Spy vs. spy

Spy vs. spy

For Bourne fans, a disappointing Legacy

By Tim Pompey 08/16/2012

The Bourne Legacy
Directed by Tony Gilroy
Starring: Jeremy Renner,
Rachel Weisz, Edward Norton,
Stacy Keach  
Rated PG-13 for violence and action sequences  
2 hrs. 15 mins.

As a big fan of the Bourne franchise, I came to The Bourne Legacy with high expectations and some doubt. Three pics. Three winners. A trifecta. How much luckier could we get?


We all know how fickle luck can be. As it turns out, Legacy misses the mark. Great premise. Good cast. Solid director. Not a great film. So what went wrong?


Note how there is one essential element missing from the above list. Storyline. Legacy is as complicated as an engineering schematic, and tends to hurry along without sharing many clues.


Even more confusing, it’s not a sequel as much as a spinoff. In terms of timelines, it actually happens during the third Bourne film. So in essence, it’s a parallel story. This means, if you haven’t seen the previous films, you’re going to be lost. And even if you have seen them, with all the plot threads this film generates, you might still get lost.


While Jason is headed to New York, Aaron Cross (Jeremy Renner) has traversed through mountains in search of the viral drugs he needs to keep his body stabilized.

 

As it turns out, he’s one of six superspies connected to another secret government program called Outcome, this one headed up by retired Adm. Mark Turso, USN (Stacy Keach) and retired Col. Eric Byer, USAF (Edward Norton).


Byer has been keeping track of the Bourne debacle and decides that he needs to shut down Outcome. This means getting rid of everything (and everyone) connected to the program, including Cross and brilliant research scientist Dr. Marta Shearing (Rachel Weisz).


Cross knows Shearing from his previous medical exams. He knows that she has helped develop the viral technology that keeps Cross super. Most important, she knows how to make his favorite drug cocktail.


With Byer and company bearing down, Cross saves Shearing’s life and convinces her to keep him alive. Her house in flames, her life in danger, Shearing realizes she needs Cross for protection.


There are some good moments in this film. For one, it takes a little more time to explore the human cost of being a scientific guinea pig. Co-writers Tony and Dan Gilroy unveil more of Cross’ internal sufferings. What will a superagent do to stay super? And at what cost? Brothers Tony and Dan keep that idea percolating.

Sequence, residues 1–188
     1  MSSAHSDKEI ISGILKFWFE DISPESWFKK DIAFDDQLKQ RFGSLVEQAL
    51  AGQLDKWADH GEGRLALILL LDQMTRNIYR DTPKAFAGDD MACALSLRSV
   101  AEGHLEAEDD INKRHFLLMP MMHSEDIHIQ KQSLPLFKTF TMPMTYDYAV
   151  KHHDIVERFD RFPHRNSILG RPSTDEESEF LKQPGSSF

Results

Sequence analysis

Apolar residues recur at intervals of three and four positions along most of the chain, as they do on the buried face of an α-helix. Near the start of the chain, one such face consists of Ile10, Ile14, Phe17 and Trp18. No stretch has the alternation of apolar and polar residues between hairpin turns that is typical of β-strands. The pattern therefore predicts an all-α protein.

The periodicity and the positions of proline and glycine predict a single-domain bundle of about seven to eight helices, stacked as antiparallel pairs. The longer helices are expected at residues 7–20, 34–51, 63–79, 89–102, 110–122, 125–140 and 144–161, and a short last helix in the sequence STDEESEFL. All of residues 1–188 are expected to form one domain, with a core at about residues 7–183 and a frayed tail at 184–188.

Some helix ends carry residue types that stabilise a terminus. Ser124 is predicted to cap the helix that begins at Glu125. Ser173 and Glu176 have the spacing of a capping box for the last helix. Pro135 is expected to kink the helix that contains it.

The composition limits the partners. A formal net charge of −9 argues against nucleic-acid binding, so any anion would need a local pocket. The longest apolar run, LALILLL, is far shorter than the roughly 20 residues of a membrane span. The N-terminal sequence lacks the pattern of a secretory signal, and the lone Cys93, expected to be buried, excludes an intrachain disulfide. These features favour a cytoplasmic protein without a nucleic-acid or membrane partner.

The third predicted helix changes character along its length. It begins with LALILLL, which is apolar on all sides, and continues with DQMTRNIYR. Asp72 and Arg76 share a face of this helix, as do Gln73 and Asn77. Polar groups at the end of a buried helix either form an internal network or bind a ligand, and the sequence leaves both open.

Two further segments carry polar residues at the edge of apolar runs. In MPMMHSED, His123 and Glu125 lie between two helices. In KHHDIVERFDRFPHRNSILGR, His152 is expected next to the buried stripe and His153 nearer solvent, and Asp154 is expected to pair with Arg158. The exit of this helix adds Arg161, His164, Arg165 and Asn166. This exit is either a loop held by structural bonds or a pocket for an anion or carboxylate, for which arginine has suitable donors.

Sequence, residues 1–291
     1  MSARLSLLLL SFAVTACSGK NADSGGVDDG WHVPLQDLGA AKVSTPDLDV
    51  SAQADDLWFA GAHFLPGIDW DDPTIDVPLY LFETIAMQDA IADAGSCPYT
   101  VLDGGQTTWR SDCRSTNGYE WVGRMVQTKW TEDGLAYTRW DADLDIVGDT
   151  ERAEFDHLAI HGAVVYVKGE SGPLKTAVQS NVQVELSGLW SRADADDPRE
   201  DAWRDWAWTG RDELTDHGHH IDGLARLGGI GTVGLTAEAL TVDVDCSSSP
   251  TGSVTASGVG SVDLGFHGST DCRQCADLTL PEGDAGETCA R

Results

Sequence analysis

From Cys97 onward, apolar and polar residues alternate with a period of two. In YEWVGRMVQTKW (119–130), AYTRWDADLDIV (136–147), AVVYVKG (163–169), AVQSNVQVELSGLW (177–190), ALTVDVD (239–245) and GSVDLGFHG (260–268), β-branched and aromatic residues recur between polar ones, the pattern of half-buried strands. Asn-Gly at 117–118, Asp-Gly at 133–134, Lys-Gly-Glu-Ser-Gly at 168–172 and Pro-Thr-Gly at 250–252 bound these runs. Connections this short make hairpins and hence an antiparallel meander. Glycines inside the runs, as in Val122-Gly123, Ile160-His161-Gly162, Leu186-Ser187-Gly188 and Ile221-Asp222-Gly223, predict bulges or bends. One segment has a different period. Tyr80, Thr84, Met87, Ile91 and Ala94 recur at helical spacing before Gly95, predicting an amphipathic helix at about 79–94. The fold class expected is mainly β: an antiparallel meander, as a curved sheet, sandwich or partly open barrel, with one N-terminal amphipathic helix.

The cast is also strong, particularly Renner, whose superspy energy is offset by his struggle to understand what’s happening to him. In contrast to Bourne’s supreme confidence and relentless pursuit, Cross is more practical about his goals. He just wants to live with his body and brainpower intact. Renner successfully portrays a man with a brilliant mind and a lunch bucket mentality.


As for director Tony Gilroy, who wrote and directed the Academy Award-nominated Michael Clayton, he tries hard to put all these parts together, but given his own bulky script, it’s a hit-or-miss proposition.


Sometimes Legacy moves along at a brisk clip. Sometimes it sags under its own technical jargon. Sometimes it feels too frenetic, as if someone bounced a camera down a mountain and left it running.


At its best, Legacy has some great stunt sequences and a bit of humanity and tenderness between Cross and Shearing. At its worst, it plods along with its head down and its eyes shut.


This is a case of a good idea gone amok. Too many threads to follow. Too many questions that go unanswered. While it has some interesting parts, as a whole Legacy comes undone like a tipped-over scrabble board. As for all those scattered pieces bouncing wildly up on the screen, I can’t begin to make sense of them.

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